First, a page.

Frankenstein (1931): Classic Monster Collection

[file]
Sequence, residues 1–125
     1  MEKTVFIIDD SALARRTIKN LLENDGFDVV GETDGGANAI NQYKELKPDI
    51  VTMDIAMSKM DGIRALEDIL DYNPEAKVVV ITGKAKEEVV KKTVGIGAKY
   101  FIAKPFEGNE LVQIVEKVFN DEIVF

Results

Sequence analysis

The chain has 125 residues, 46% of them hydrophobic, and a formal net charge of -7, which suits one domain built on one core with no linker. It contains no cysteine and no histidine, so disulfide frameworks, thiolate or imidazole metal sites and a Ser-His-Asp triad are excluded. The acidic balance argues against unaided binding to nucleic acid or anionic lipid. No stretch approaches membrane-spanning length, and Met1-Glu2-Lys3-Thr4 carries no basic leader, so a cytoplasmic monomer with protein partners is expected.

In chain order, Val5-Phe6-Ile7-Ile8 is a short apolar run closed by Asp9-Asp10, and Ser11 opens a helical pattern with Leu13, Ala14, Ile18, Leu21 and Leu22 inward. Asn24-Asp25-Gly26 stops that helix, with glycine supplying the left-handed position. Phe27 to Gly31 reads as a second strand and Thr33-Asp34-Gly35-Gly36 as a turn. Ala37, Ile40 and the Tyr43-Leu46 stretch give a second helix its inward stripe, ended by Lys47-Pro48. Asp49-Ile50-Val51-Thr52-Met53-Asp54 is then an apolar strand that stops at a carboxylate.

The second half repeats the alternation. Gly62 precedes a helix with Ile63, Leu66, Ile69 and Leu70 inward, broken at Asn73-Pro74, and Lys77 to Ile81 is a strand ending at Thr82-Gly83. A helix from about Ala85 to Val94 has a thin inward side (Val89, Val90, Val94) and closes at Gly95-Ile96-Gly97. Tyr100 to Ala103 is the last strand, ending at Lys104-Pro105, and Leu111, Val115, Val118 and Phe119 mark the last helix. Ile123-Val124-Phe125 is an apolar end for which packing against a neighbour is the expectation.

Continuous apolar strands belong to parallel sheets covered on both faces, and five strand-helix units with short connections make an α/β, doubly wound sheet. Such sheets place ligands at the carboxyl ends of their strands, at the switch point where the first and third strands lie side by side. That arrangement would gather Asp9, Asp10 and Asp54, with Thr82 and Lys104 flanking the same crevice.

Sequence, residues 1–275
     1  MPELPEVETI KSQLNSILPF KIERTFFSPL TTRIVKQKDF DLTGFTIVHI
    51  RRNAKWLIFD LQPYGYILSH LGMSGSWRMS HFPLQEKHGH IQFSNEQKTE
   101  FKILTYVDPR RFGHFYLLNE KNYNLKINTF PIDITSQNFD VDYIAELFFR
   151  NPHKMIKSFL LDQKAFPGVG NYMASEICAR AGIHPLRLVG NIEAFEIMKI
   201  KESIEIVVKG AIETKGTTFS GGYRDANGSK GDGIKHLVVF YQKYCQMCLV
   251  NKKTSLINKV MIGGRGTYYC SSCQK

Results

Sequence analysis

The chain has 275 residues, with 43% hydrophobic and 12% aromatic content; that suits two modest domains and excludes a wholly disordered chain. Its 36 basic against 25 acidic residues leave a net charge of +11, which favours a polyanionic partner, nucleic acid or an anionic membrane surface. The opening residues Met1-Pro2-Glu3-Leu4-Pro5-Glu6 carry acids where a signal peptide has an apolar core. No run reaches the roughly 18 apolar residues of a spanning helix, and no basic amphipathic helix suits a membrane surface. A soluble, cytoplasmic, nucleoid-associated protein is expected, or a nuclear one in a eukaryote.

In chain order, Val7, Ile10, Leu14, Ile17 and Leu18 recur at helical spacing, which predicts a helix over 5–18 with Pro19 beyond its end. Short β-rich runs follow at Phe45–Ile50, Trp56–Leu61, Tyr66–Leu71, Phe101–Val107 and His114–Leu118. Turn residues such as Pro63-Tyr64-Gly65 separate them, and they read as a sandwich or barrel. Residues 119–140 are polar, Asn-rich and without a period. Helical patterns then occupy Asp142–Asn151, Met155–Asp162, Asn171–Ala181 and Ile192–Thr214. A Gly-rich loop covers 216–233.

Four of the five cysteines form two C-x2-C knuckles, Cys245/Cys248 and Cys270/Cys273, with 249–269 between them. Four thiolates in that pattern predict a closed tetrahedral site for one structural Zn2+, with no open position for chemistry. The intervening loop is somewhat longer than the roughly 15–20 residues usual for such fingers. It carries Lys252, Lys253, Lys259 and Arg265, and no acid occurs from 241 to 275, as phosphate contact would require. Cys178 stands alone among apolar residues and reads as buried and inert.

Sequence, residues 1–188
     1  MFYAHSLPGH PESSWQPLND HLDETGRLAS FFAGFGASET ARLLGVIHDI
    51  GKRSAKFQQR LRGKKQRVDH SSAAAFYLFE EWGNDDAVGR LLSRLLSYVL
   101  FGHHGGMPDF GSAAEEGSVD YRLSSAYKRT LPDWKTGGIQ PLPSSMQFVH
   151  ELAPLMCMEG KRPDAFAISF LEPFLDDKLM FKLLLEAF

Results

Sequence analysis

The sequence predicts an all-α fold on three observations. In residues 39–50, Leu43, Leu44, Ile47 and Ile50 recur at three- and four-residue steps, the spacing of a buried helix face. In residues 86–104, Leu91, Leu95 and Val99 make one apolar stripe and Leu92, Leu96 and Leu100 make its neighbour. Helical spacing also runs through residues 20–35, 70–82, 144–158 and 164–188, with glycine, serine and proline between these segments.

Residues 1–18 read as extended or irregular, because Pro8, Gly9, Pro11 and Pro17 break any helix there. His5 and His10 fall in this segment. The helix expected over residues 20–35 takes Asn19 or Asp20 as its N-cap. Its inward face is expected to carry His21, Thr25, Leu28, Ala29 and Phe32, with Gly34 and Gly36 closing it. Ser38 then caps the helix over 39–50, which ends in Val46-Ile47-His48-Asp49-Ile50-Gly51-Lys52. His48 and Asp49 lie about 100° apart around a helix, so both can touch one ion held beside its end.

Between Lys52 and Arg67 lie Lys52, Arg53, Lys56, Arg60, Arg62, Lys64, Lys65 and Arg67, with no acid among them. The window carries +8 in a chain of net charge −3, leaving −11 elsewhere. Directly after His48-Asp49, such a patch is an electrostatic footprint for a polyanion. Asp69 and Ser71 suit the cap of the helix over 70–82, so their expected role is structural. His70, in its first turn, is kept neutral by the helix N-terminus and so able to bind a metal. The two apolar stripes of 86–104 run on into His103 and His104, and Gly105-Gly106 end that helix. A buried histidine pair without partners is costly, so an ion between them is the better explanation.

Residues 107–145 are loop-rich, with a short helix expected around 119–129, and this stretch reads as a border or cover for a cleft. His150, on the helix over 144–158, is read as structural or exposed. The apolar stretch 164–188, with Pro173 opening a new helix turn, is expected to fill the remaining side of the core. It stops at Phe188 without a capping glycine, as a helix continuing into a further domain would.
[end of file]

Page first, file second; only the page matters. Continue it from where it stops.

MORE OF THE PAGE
Mary Shelly's Frankenstein is a monumental novel from the Gothic/Romantic period, but the 1931 Frankenstein has little to do with it and more to do with the many simplified stage plays that followed. Yet, with little more than a potboiler script and stock actors to go on, director James Whale made Frankenstein an important film by taking advantage of every moment. Given the opportunity to situate his camera somewhere, he consistently finds a better spot for it. Presented with a straightforward sequence, he finds a way to shoot it in a more unusual manner. From the opening shot (panning across the faces of mourners around an open grave and coming to rest on a statue of the Grim Reaper), to the introduction of the monster (who said that Godard invented the jump-cut?), to the final flight of the monster across the countryside and the burning of the windmill, Frankenstein is a bag of expressionist treats that easily makes up for whatever deficiencies are inherent in the production itself. Along with legendary makeup-artist Jack Pierce, Whale is also responsible for the iconic success of the monster, a figure as easily recognizable in 20th-century American pop-culture as Elvis Presley or Marilyn Monroe or a bottle of Coca-Cola. Boris Karloff, as the monster, delivers a sturdy performance, but much of the sympathy that the creature generates is a direct result of the heavy-lidded eyes and twisted, half-open mouth, which offer up an unexpected level of expression, asking the viewer to infer the near-human innocence within the monstrosity. Universal's DVD edition of Frankenstein, part of their "Classic Monster Collection," is a first-class item. The entire 71-minute version of the film is on board, and the print is very acceptable, with some damage and flecking, but also with very good low-contrast detail. The transfer is in the original 1.33:1 aspect ratio and is artifact free. Audio is likewise solid, in the original mono and with very little ambient noise. Voices are clear and easily understood. Universal deserves high praise for filling this disc with a great deal of value-added content, including the 45-minute documentary How Hollywood Made a Monster (which examines Mary Shelly's Frankenstein, several stage productions, and the Hollywood incarnation), a commentary track by film historian Rudy Behlmer, a series of on-set stills with audio clips from the film, the Universal comic short "Boo!" with footage from Frankenstein and Nosferatu, trailers from 1938 and 1951, production notes, and cast and crew bios and filmographies. Frankenstein is a collectable DVD that earns the title "collectable."